The Economy

The trouble with cash

The National Retail Federation has predicted a strong holiday shopping season. In its October survey, consumers said they expected to spend an average of $1,047, up 4 percent from what they had planned to spend last year. It’s the 10th consecutive year of increased consumer holiday spending. [Continue]

Aging populace informs monetary policy

Demographic trends are reshaping the U.S. labor force, leading economists and policymakers to rethink the key macroeconomic parameters that drive decision making, and reassess their views about the economy’s longer-run growth potential. Like melting glaciers, changes in global demographics are difficult to see in the near term, but over time they will reshape the landscape. [Continue]

Chicken Little and the economy

closeup of an acorn

Just like Chicken Little, the bond market was recently hit on the head with an acorn, and the yield curve screamed “recession.” The yield curve temporarily inverted, and the three-month Treasury yield was higher than the 10-year yield. This created a bit of hysteria, because an inverted yield curve has predicted the last seven recessions since 1970 with only one head fake. [Continue]

Behavioral economics allows insight into customer decision-making

Patterns of behavior, including how a customer feels — their emotional state when they are interacting with banking professionals — is valuable information in creating successful transactions and relationships. If bankers know the behavior of a group inside of its customer base in data-analytical terms, and know how their customers feel when they are interacting with their financial selves, it makes it easier to offer products and services that the customer may not know exist. [Continue]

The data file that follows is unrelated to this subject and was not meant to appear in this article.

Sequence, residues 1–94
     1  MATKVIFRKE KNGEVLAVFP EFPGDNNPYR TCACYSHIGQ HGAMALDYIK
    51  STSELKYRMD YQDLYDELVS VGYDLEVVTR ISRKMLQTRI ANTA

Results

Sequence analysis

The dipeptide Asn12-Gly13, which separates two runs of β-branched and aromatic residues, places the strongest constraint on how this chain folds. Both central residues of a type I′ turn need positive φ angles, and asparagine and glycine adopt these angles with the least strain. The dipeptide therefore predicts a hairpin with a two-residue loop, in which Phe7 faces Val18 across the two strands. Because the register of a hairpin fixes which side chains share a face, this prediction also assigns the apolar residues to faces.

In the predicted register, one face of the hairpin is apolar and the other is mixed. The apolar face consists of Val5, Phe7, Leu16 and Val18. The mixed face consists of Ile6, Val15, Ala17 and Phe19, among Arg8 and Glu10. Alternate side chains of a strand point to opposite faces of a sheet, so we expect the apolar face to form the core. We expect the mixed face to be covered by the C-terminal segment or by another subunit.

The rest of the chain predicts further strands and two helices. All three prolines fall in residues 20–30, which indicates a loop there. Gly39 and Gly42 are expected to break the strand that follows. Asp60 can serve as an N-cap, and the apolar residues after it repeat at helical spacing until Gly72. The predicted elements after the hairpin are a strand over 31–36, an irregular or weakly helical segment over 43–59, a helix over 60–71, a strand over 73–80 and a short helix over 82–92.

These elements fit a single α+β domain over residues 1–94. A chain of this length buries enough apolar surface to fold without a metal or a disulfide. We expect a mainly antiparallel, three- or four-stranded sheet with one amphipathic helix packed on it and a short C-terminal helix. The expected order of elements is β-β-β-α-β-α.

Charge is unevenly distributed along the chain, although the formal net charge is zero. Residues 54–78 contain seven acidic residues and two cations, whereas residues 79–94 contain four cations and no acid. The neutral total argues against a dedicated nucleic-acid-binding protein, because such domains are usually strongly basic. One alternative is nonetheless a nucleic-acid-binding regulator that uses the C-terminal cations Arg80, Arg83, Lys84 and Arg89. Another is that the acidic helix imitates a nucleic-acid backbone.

Will next generation move banks beyond challenges?

The focus in the banking industry during 2017 continued to be on performance. The Fed began raising the fed funds rate in late 2015 and again in late 2016. All expectations were for rate increases to resume in 2017, which they did in January, March and July up to a range of 1.00 to 1.25 percent, where it has remained. Even with these increases, margins remain compressed and borrowers are challenged by persistent concerns, particularly in the agricultural economy. Ag output pricing remains low and current supplies high. Therefore, as producers try to wait for price increases to sell, returns to producers resulting from improved yields on new production are not expected to materially increase overall returns and may have the effect of increasing downward pressure on prices, thus reducing returns. To increase prices more, avenues for sales need to open up. Trade restrictions can be counterproductive to development of market expansion, keeping domestic supplies to low valuations. This is putting pressure on land valuations adding further complications for banks operating in the agricultural communities. [Continue]